IMR Press / FBL / Volume 13 / Issue 14 / DOI: 10.2741/3087

Frontiers in Bioscience-Landmark (FBL) is published by IMR Press from Volume 26 Issue 5 (2021). Previous articles were published by another publisher on a subscription basis, and they are hosted by IMR Press on imrpress.com as a courtesy and upon agreement with Frontiers in Bioscience.

Open Access Article
TNF: a moonlighting protein at the interface between cancer and infection
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1 Medical and Pharmaceutical Biotechnology, University of Applied Sciences, Krems, Austria
2 Vascular Biology Center, Medical College of Georgia, Augusta, GA, US
3 Institute of Physical Biology, USB and Institute of Systems Biology and Ecology , ASCR v.v.i., Nove Hrady, Czech Republic
4 Algonomics, Ghent, Belgium, University of Regensburg, Germany
5 Institute of Immunology, University of Regensburg, Germany
6 Biochemical Pharmacology, University of Konstanz, Germany
Academic Editor:Simone Mocellin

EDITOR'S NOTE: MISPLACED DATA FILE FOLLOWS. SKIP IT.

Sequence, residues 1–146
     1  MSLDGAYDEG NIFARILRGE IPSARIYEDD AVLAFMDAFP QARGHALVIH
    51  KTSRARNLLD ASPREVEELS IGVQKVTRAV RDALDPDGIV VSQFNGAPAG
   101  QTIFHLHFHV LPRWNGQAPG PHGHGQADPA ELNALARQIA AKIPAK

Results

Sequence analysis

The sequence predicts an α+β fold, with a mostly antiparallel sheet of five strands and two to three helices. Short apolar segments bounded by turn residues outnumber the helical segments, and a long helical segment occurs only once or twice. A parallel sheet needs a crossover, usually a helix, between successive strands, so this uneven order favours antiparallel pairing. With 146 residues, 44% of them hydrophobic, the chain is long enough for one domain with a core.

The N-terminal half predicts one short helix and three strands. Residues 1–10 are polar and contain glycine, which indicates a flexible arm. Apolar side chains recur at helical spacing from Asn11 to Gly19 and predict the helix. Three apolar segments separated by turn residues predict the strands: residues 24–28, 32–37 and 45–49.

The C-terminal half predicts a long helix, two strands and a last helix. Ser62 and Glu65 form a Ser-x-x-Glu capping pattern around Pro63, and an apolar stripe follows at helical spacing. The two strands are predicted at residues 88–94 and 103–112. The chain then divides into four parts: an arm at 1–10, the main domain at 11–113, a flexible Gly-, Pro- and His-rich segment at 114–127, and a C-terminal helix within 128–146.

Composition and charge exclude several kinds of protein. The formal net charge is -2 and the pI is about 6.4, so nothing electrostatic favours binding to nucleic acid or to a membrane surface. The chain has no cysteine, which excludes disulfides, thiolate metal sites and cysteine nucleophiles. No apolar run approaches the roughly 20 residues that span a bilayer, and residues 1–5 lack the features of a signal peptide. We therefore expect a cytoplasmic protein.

Front. Biosci. (Landmark Ed) 2008, 13(14), 5374–5386; https://doi.org/10.2741/3087
Published: 1 May 2008
(This article belongs to the Special Issue Molecular strategies to enhance the anticancer activity of TNF)
Abstract

The remarkable ability of TNF, especially in combination with Interferon-gamma or melphalan, to inhibit the growth of malignant tumor cells is so far unmatched. Unfortunately, its high systemic toxicity and hepatotoxicity prevent its systemic use in cancer patients. An elegant manner to circumvent this problem is the isolated limb and liver perfusion for the treatment of melanoma, soft tissue sarcoma and liver tumors, respectively, although the latter method can lead to a reversible hepatotoxicity. In order to allow also the treatment of other cancers with TNF, new strategies have to be developed that aim at sensitizing tumor cells to TNF and at reducing its systemic and liver toxicity, without losing its antitumor efficiency. Moreover, the lectin-like domain of TNF, which is spatially distinct from the receptor binding sites, could be useful in reducing cancer treatment-related pulmonary edema formation. This review will discuss some recent developments in these areas, which can lead to a renewed interest in TNF for the systemic treatment of cancer.

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